A Look at the Gender Pay Gap in 2020


Which states offer the best pay for women?

Map of the US showing the states with the widest and narrowest gender pay gaps.

In honor of Women’s History Month, we at Business.org thought we’d devote a little time to a subject that is near and dear to the interests of many women in business: the gender pay gap.

Though equal pay for equal work has been federally mandated since the passage of the Equal Pay Act of 1963, actual earnings for men versus women show that gender pay disparity is still an overwhelmingly common trend within the United States.

Because the gender pay gap has such serious consequences for women in business (especially female entrepreneurs), we did a little digging to find out which states offer the narrowest gender pay gaps in the country—and whether we’ve made any significant progress toward closing those gaps in the last decade.

So . . . how are we doing?

According to the most recent American Community Survey (ACS), nationwide median earnings for women over the age of 16 average out to about 80.1% of the median earnings for men in the same age group.1 In other words, women in the US workforce are making roughly $0.80 for every dollar earned by their male colleagues.

It’s not all doom and gloom, though. Compared to the 2010 ACS, the US has actually narrowed the pay gap by a whole 2.6 percentage points. In fact, most states in the country have shown improvement.

That being said, the US isn’t doing quite as well as many experts believe we should be. In 2016, the pay gap for women over the age of 25 actually widened by about 2.2 percentage points.1 While pay disparity has been improving since then, we still haven’t made up that ground, and some experts are doubtful it’s possible given the recent rollback of federal rules originally designed to further shrink the gender pay gap.

Interesting findings

  • California has the lowest pay gap in the country. Women in the Golden State make roughly $0.88 for every dollar earned by men. The state has also narrowed its pay gap by 4.6 percentage points since 2010.
  • Women in Washington, DC, boast the highest median earnings. DC women earn a median of $70,911 per year. However, DC’s also seen some of the worst regression in pay disparity. In fact, with a -4.2 percentage point difference compared to 2010, our nation’s capital has backslid more than any other area in the country apart from South Dakota.
  • Most of the top 10 states are located along the East Coast. New York, DC, Maryland, Vermont, Florida, and Delaware form the bulk of our top 10, along with outliers California, Nevada, Arkansas, and Oregon.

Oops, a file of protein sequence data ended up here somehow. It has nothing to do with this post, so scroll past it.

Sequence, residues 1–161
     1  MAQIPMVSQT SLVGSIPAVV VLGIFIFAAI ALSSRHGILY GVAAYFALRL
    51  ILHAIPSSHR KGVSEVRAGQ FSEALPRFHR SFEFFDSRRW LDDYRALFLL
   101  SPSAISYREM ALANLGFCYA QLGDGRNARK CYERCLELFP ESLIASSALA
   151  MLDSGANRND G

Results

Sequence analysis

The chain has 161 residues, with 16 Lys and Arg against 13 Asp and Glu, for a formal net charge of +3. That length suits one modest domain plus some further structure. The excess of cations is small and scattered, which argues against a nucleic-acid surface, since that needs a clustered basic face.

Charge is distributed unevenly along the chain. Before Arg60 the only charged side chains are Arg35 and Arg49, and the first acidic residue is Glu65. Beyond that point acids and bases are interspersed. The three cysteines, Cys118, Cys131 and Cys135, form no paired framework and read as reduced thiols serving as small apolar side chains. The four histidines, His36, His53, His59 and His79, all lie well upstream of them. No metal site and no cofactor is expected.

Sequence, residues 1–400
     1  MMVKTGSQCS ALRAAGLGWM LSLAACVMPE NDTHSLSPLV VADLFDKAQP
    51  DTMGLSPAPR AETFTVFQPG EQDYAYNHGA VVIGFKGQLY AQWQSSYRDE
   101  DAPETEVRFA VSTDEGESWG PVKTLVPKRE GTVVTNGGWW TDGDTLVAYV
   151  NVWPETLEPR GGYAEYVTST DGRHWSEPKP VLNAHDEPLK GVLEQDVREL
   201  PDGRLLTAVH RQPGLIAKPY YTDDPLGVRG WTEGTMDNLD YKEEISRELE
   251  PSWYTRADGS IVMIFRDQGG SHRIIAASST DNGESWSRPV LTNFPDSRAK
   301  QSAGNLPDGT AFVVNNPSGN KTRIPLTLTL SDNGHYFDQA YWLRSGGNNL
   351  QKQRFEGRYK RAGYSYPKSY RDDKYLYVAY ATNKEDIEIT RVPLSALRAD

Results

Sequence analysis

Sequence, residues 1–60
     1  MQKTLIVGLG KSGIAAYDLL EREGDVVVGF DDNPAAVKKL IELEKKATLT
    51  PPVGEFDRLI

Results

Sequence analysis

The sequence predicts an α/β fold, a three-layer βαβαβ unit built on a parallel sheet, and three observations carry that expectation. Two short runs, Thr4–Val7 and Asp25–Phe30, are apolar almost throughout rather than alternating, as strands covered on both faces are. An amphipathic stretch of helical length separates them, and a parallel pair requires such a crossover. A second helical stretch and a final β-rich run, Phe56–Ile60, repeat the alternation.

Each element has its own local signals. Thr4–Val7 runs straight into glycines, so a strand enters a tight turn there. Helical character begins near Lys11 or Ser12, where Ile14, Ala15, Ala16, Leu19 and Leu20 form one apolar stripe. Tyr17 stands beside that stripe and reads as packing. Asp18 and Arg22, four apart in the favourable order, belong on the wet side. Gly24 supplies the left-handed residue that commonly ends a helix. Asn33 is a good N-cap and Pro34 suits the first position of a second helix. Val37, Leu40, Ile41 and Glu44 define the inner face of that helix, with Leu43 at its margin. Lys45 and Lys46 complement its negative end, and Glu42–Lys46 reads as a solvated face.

• Nearly every state has narrowed its gender pay gap since 2010. The only areas where pay disparity has gotten worse are South Dakota, DC, New Hampshire, Alabama, North Dakota, New Jersey, and Iowa.
  • Arkansas is the most improved. The state has narrowed its pay gap by an incredible 10.5 percentage points—the biggest improvement in the nation. That being said, the state’s median earnings for women are still one of the lowest in the nation at just $36,042 per year.
  • Women should avoid West Virginia and Louisiana. The Pelican State has the widest gender pay gap in the nation, with women making just $0.70 for every dollar made by men. West Virginia, meanwhile, offers the third-worst gender pay gap plus the lowest median earnings for women: $32,778 per year.

The data

For our rankings, we used data from the 2018 American Community Survey (ACS)—the most recent year for which data is available.

We compared the median earnings of men and women across all 50 states plus the District of Columbia. This means we only looked at income derived primarily from job wages and salary.

Finally, to determine each state’s progress between 2010 and 2018, we evaluated the difference in percentage points between women’s earnings as a percentage of men’s earnings. Here’s where we landed:

RankState2018 median earnings for men, 16+ years old2018 median earnings for women, 16+ years old2018 women's earnings as a percentage of men's earnings (a.k.a. pay gap)2010 to 2018 percentage points difference
1California$55,646$49,00988.1%+4.6
2New York$58,064$50,92187.7%+4.9
3District of Columbia$81,267$70,91187.3%-4.2
4Maryland$62,167$53,42185.9%+3.2
5Nevada$46,556$40,00485.9%+3.1
6Vermont$50,828$43,37685.3%+1.0
7Arkansas$42,364$36,04285.1%+10.5
8Florida$44,520$37,82185.0%+4.5
9Oregon$51,627$43,58684.4%+7.2
10Delaware$51,923$43,80384.4%+3.8
11Arizona$47,854$40,31184.2%+1.8
12Connecticut$65,948$55,15583.6%+7.2
13New Mexico$42,673$35,68383.6%+5.0
14North Carolina$46,941$39,12683.4%+2.7
15Massachusetts$67,147$55,94283.3%+2.2
16Maine$48,522$40,42183.3%+4.6
17Hawaii$51,413$42,58482.8%+3.1
18Minnesota$56,809$46,86182.5%+4.0